July 20, 2020, © Leeham News: The timing is coincidental. If you think the airline industry is in a wind shear now, don’t be fooled.
The industry has been in perpetual turbulence for 50 years.
At least that’s the theme of an airline executive’s new book, Turbulence.
David Banmiller began his career as a ticket agent, when hand-writing the coupons at the airport as common practice.
He retired three years ago after a career that saw him in executive positions at AirCal, American Airlines and other carriers.
He became a bankruptcy reorganization specialist as well.
Banmiller weaved through American, TWA, AirCal, the second Pan Am, Aloha and Air Jamaica. He was CEO of AirCal when it was sold to American, where he became an executive under legendary CEO Bob Crandall. Banmiller went on to become CEO of Aloha, Pan Am and Air Jamaica. He took the first two through bankruptcy reorganization and restructured Air Jamaica outside of the courts. He also served as CEO of Sun Country Airlines.
Throughout his careers, Banmiller experienced many of the downturns of the airline industry: oil price wars, 9/11, the SARS pandemic and now, from his retirement, COVID-19.
July 13, 2020, © Leeham News: Earnings season calls for the second quarter begin this month.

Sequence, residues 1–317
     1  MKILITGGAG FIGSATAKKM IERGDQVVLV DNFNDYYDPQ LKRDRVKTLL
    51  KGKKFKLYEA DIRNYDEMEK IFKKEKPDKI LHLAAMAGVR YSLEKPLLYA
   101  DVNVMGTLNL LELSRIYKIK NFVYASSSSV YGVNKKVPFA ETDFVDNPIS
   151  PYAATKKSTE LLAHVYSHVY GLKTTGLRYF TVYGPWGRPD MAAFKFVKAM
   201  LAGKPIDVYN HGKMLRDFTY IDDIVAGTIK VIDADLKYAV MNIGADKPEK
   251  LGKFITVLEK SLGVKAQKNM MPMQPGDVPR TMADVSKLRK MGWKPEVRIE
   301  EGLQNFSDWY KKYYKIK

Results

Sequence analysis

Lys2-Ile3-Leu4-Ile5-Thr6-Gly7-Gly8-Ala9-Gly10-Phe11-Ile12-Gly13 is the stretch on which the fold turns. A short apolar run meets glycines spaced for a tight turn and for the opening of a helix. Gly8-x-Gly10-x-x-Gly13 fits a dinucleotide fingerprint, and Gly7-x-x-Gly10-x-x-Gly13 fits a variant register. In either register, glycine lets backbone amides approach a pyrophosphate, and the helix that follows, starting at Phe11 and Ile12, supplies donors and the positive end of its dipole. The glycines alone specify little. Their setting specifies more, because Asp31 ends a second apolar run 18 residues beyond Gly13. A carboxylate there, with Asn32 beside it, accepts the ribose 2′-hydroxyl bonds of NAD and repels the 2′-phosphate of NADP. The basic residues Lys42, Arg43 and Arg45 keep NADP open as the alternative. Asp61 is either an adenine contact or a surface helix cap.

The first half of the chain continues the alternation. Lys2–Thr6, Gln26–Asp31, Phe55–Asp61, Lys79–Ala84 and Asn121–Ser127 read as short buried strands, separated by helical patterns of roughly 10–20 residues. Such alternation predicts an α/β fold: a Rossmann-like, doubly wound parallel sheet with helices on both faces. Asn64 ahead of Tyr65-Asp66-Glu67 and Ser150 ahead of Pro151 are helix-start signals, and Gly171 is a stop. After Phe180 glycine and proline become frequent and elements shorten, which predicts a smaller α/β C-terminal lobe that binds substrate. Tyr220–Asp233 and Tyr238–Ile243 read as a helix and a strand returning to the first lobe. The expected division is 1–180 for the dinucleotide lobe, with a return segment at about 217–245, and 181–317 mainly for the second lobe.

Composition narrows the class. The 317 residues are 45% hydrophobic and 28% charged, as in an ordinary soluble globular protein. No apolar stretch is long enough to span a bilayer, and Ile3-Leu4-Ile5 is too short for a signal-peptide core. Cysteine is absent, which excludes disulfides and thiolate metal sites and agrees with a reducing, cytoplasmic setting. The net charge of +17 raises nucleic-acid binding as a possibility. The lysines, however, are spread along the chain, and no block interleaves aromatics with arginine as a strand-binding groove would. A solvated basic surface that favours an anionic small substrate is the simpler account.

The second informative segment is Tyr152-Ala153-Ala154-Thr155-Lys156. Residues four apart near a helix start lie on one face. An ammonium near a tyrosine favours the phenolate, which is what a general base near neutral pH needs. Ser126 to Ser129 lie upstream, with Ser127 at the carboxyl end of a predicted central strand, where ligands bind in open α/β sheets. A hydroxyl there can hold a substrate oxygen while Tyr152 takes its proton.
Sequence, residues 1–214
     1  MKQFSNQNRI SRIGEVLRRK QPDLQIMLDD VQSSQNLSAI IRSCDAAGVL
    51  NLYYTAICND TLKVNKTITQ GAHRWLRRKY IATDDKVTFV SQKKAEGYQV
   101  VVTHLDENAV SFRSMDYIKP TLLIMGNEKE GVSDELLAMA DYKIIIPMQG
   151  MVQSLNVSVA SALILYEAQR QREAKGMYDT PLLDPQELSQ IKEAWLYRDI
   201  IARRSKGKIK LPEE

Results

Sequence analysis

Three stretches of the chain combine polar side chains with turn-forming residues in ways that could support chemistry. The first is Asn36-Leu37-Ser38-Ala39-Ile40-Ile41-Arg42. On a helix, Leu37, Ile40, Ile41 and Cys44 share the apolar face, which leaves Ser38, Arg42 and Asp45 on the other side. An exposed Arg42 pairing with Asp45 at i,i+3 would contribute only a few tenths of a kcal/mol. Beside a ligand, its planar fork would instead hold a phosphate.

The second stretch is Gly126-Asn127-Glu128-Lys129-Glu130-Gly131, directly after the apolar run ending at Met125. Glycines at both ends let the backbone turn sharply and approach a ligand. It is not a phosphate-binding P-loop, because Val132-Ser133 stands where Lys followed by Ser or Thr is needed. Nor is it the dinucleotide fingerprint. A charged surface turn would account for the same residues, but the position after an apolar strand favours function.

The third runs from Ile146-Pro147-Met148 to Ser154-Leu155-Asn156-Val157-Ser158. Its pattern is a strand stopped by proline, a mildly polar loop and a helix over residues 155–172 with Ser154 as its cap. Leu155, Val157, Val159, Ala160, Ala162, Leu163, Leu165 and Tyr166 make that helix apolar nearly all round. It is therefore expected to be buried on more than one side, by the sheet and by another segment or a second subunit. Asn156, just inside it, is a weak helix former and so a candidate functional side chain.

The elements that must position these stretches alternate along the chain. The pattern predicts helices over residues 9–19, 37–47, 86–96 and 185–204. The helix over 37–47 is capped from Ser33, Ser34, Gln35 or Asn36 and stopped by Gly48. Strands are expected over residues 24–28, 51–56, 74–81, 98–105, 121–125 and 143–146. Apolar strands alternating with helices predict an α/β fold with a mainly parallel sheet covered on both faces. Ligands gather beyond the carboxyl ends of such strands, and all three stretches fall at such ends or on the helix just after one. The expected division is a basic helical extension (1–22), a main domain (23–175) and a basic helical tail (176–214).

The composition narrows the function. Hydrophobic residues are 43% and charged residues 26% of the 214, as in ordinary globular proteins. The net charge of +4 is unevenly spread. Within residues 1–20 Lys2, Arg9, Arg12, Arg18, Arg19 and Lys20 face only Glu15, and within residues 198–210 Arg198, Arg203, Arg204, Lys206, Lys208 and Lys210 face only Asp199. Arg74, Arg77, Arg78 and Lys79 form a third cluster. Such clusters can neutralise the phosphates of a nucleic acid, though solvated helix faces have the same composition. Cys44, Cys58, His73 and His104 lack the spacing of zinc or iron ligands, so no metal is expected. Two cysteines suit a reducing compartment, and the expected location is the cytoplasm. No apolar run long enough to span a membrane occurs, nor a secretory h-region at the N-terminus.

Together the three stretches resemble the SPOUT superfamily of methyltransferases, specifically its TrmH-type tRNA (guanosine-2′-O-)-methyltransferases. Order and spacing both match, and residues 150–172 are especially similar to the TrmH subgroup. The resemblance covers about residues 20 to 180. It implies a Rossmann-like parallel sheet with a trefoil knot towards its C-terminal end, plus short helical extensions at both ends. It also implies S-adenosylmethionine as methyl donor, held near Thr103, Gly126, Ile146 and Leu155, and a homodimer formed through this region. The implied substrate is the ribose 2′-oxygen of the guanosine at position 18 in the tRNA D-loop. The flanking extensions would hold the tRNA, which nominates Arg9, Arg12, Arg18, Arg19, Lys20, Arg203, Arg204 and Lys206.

For our readers, Airbus and Boeing are the big ones.
Boeing’s earnings call is July 29. Airbus follows the next day.
A few early analyst previews were issued last week for Boeing.
July 6, 2020, © Leeham News: I really, really want to return to traveling by air soon. But I don’t expect to fly until next year.
I’m not worried about being on the airplane. As LNA’s Bjorn Fehrm detailed over a series of Friday posts, the cabin purification technology scrubs the air every few minutes.
The problem is not the airplane.
It’s the people who fly.
June 29, 2020, © Leeham News: Boeing may be set to begin recertification flights of the 737 MAX as early as today, The Seattle Times reported last week.
Testing will take three days, if all goes well. But Boeing still has a lot of work to do to fully satisfy regulators.